Nick Train, Giles Hargreave and Martin Cholwill are among a handful of fund managers who, over the past ten years, have managed to keep their funds out of the bottom quartile every individual year, while achieving top-quartile returns over the whole time frame in question.

The research, carried out by Investment Week using FE data, comes shortly after a markedly volatile year for markets.

Geopolitical and macroeconomic uncertainty rocked equity markets in 2018, leading to a sharp Q4 sell-off.

Meanwhile, 10-year US Treasury yields crept up throughout the year, surpassing the psychologically important 3% mark, only to once again fall at the end of 2018 as investors flocked to safety.

Such an environment can make it challenging for active managers, but it can also present an opportunity to buy during the dips. FE data shows that, over 2018, only 95 out of 301 funds (or 31.6%) in the IA Global sector managed to outperform the MSCI AC World index.

On the other hand, the rallying equity markets of 2017, while welcomed by those who closely follow an index, made it difficult for some active managers to outperform on a relative basis – particularly those who are contrarian or adopt a value approach.

Again, FE data shows that just over half of IA Global fund managers (or 146 out of 282 funds) managed to beat the MSCI AC World over the course of the year.

As such, and given that certain investing styles will fall in and out of fashion over the varying stages of the market cycle, it is no mean feat to consistently stay out of the bottom quartile for total returns year after year.

However, it is arguably these types of managers that investors will be keener than ever to find, given many analysts expect “more of the same” when it comes to market volatility this year.

Investment Week singled out the funds in the Investment Association universe that have had the same managers at their helms for at least ten years to the end of 2018, and that have achieved top-quartile returns relative to their average peer groups over this time frame.

Investment Week then excluded all funds from the list that have fallen into the bottom quartile once or more during any of the last ten years.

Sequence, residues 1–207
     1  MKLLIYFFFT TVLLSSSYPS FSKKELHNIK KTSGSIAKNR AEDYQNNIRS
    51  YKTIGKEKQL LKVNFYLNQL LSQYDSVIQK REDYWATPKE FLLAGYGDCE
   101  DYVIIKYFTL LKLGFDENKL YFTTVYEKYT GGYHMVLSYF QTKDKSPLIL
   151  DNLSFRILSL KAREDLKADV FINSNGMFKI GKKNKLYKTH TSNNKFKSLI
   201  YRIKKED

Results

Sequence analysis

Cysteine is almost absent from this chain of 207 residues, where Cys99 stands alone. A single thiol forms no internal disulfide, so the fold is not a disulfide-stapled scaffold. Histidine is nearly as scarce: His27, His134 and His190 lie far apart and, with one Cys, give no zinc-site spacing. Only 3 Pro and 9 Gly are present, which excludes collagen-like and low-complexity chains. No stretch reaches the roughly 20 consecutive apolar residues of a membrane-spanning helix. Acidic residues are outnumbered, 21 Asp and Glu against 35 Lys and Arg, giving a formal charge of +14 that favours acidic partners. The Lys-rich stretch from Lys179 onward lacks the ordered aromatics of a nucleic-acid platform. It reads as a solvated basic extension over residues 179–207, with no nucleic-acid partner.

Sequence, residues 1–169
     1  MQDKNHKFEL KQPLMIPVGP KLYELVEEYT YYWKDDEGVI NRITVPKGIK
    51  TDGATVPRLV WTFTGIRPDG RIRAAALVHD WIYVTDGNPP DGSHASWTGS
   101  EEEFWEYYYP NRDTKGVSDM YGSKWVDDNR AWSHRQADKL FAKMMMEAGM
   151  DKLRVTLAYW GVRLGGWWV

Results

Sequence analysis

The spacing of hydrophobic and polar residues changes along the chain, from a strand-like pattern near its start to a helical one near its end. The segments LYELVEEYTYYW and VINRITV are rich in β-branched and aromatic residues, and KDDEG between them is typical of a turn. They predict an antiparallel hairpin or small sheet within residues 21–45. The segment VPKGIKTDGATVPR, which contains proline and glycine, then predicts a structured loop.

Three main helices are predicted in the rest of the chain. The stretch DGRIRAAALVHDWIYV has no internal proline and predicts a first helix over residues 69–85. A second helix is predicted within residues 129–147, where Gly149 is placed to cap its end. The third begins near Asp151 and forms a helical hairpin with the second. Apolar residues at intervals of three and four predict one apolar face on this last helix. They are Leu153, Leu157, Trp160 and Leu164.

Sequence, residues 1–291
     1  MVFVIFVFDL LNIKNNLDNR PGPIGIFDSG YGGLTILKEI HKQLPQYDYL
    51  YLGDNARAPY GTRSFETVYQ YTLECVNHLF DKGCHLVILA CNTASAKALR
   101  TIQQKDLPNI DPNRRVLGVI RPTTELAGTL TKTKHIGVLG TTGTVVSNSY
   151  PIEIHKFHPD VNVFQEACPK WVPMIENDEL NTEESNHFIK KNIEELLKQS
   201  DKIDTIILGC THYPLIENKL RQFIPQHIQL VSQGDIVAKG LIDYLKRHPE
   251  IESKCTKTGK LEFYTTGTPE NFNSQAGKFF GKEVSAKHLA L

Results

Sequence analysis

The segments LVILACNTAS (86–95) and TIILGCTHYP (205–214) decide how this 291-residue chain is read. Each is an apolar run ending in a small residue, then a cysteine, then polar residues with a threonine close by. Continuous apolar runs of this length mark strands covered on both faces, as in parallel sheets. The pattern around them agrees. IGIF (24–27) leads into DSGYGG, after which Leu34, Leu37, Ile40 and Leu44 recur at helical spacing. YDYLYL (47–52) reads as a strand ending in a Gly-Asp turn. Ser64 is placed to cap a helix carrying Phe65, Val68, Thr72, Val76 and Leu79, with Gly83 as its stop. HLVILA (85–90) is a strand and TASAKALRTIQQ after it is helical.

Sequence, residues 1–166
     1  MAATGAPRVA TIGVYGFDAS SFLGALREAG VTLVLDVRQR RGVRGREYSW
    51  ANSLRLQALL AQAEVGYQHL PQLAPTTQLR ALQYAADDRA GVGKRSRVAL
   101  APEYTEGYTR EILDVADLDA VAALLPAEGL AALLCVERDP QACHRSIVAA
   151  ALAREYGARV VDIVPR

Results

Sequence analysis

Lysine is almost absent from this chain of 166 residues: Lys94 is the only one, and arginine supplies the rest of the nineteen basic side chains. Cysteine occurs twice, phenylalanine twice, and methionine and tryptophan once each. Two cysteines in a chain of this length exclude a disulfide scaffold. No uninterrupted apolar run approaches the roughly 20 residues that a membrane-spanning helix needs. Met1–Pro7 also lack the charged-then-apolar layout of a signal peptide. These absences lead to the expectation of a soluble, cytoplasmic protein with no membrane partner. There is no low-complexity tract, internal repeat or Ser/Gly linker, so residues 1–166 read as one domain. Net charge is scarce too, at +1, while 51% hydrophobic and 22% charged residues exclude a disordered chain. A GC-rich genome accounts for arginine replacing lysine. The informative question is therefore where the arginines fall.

To ensure the study was fair, the likes of the IA Flexible and IA Targeted Absolute Return sectors were excluded, given the performance of funds within these sectors cannot be directly compared to an average.

In total, 27 managers and four companies running 23 funds between them managed to pass Investment Week’s filters.

These funds spanned 15 sectors, with the IA Global Bond and IA North America sectors housing the most outperforming vehicles that have been run by the same manager over the last decade at three funds each.

In the IA North America sector, however, two out of three funds track an index – the FTSE USA – which is up 287.55% over ten years to the end of 2018.

The only other US fund on the list is Vanguard US Opportunities, an active fund which aims to pick stocks that are attractively priced and can outperform the broader market over three to five years. It mostly invests in small- and mid-cap companies.

The other sector to house three consistently strong long-term managers, according to Investment Week’s filters, is the aforementioned IA Global Bonds sector.

These include Capital Group Global High Income Opportunities, which has been run by Robert Neithart since 2002 (who was joined by David Daigle in 2012); Natixis Loomis Sayles Multi Sector Income, which has been run by co-manager Dan Fuss since 1997 and fellow co-managers Elaine Stokes and Matthew Eagan since 2007; and Marlborough Global Bond, which Geoff Hitchin and Nicholas Cooling have headed up since 1987 and 1998 respectively.

Meanwhile, all three UK equity sectors held two outperforming funds each. Nick Train and the company he co-owns, Lindsell Train Investments, are the only two managers to make the cut for the IA UK All Companies sector.

This is for the LF Lindsell Train UK Equity and Aviva Investors UK Equity MoM 1 funds respectively. The latter has been managed by Train’s company since 2008, while the former was launched by the manager himself in 2006.

In the IA UK Equity Income sector, there are Lazard Multicap UK Income, which has been managed by Alan Clifford and Alan Custis since the start of 2008 and 2009 respectively, and Royal London UK Equity Income, which has been headed up by Martin Cholwill since 2005.

Finally, the two managers to make it onto our list in the IA UK Smaller Companies sector are Giles Hargreave and Neil Hermon.

Hargreave heads up the top-performing Marlborough UK Micro Cap Growth fund, which he has co-managed alongside Guy Feld since 2012, while Hermon has run the Janus Henderson UK Smaller Companies fund since 2002.

The only other sector to house two consistently outperforming long-term managers, according to filters, is the IA Sterling Strategic Bond sector.

Ariel Bezalel, has run the Jupiter Strategic Bond fund since 2008, and Eric Holt, has managed the Royal London Sterling Extra Yield Bond fund since 2003.

This is reproduced from Investment Week; all views are from the publication. This originally appeared online on 04 April 2019.